- Qatar Petroleum and ConocoPhillips have teamed up on a petrochemicals plant that will be located in Qatar and should be completed by 2025 as Qatar Petroleum diversifies away from natural gas and LNG. The new facility will receive raw material from the emirate’s largest gas field—and the largest in the world—the North Field. Qatar last year lifted a moratorium on further production increases in the field as it began ceding ground in the LNG market to Australia.
- French Total and Enel have dropped out of the race for Dutch energy player Eneco, leaving more space for A Shell-led consortium with a Dutch pension fund. Total and Enel were also a ream with a Dutch pension fund, which is now looking for replacements in its bid for Eneco. The deal, according to analysts, could fetch $3.4 billion.
- Canadian Pieridae Energy announced purchase of Shell’s gas assets in Alberta for $145 million. Midstream and upstream assets in the southern Alberta Foothills area, which produce 29,000 barrels of natural gas, natural gas liquids, and condensate. Pieridae Energy says the $190-million deal with Shell will give it a supply of 119-million cubic feet per day of natural gas.
- The Refinery and Petrochemical Integrated Development (RAPID) refinery in Malaysia, a joint project of Petronas and Saudi Aramco, is due to come online by the end of this year. The greenfield refinery complex cost around $27 billion and includes a deepwater terminal, co-generation plant and regasification terminal.
Tenders, Auctions & Contracts
- Exxon and Linde inked a long-term deal for the expansion of a joint petrochemicals facility in Singapore. At $1.4 billion, the deal will see Linde expand the gasification complex part of the petrochems facility and increase supplies of hydrogen and synthesis gas, which is used for specialty chemicals, among other products. The Jurong Island project will be completed by 2023 and will be the only such complex in the world that has a steam cracker that can process crude oil.
- The UK wind power industry will get a $127-million investment fund to support growth over the next 10 years. The government-funded vehicle will invest in companies along the whole supply chain as part of the government’s strategy to boost wind power generation capacity to at least 30 GW, to be installed by 2050.
- The Iranian parliament passed legislation that will allow private investors to build refineries for crude oil and gas condensates as part of efforts to curb the adverse effects of U.S. sanctions on its oil exports. With more refining capacity Iran would be able to process more of its crude at home and export petrochemicals.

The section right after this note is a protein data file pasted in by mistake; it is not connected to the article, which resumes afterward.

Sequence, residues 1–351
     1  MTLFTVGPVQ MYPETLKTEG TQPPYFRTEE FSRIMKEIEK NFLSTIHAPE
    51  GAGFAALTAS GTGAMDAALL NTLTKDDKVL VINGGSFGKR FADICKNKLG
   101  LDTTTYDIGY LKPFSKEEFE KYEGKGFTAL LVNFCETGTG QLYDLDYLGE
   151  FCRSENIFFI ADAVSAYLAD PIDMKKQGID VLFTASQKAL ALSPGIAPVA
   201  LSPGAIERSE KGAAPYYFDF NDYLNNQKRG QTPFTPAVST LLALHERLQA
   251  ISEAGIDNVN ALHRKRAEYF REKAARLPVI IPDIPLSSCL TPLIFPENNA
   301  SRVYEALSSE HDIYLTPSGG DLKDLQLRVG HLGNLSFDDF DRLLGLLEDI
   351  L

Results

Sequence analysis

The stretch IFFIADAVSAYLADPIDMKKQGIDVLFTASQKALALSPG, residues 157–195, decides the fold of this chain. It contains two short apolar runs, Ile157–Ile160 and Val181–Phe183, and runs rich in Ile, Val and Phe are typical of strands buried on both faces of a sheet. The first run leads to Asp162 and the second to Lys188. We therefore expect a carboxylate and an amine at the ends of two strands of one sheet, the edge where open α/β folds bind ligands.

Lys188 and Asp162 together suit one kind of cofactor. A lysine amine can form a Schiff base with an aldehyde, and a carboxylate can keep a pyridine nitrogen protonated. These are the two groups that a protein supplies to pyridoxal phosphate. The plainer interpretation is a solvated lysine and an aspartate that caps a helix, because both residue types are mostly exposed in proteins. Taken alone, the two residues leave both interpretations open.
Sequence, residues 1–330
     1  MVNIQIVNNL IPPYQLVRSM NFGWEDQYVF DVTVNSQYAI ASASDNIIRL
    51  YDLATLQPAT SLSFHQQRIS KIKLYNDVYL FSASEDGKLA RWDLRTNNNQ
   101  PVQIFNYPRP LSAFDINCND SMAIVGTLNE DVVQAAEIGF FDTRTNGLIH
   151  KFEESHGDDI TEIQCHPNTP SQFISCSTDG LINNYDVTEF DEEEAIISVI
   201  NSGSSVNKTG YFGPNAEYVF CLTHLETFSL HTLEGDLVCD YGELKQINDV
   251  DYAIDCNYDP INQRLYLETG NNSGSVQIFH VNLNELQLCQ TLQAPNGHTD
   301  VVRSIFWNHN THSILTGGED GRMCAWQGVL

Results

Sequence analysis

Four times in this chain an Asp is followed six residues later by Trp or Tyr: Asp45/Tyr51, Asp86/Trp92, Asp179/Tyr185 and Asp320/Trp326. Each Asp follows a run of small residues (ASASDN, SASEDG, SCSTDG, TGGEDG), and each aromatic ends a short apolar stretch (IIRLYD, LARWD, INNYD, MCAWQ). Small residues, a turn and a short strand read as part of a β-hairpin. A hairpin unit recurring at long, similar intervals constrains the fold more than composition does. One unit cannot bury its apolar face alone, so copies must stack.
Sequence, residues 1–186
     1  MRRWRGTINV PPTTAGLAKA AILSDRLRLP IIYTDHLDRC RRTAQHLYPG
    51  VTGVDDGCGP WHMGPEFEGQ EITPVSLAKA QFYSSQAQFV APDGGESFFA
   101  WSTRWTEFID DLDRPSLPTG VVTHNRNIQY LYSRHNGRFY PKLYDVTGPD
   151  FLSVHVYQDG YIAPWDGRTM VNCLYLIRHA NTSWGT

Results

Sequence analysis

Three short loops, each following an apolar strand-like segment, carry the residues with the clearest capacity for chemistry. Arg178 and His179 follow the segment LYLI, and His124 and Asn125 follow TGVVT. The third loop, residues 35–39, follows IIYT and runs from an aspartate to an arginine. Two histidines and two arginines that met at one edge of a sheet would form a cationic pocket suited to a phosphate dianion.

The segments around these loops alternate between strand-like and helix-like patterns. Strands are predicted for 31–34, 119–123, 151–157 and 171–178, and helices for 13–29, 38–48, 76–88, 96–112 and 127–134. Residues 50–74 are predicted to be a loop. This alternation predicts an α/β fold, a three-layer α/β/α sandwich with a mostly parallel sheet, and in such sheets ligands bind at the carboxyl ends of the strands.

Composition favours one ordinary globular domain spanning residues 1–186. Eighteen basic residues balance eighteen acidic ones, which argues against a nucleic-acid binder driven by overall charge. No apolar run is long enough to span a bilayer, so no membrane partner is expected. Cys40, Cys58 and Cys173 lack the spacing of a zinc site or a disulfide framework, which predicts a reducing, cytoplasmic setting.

- Exxon and Qatar Petroleum are jointly bidding for the construction of the first onshore LNG terminal in Bangladesh, vying for the contract with Shell, Total, and Samsung, as well as several large Japanese commodity traders. The terminal will have a capacity of 7.5 million tons of LNG annually. The project will be awarded on a build-own-operate basis for a period of 20 years.
- Saudi Aramco signed 12 contracts worth several billion dollars with South Korea as part of its diversification and downstream expansion plans, in which South Korea, one of the world’s top oil and gas importers plays a crucial role. The contracts are in various industries, ranging from crude oil and petrochemicals to shipbuilding and engine manufacturing, according to Aramco.
- Colombia is expected to award 10 exploration and production contracts next week to six companies, mostly Canada and Colombia based, that have each won at least one block at the recent auction. The blocks will add more than a billion barrels of oil to the country's reserves. Colombia expects to receive some $1.5 billion in oil investments over the coming months from this round of bidding as well as a recently launched permanent bidding process. Companies including Shell, Noble Group, Exxon Mobil, and Repsol SA have already signed on to operate new blocks this year.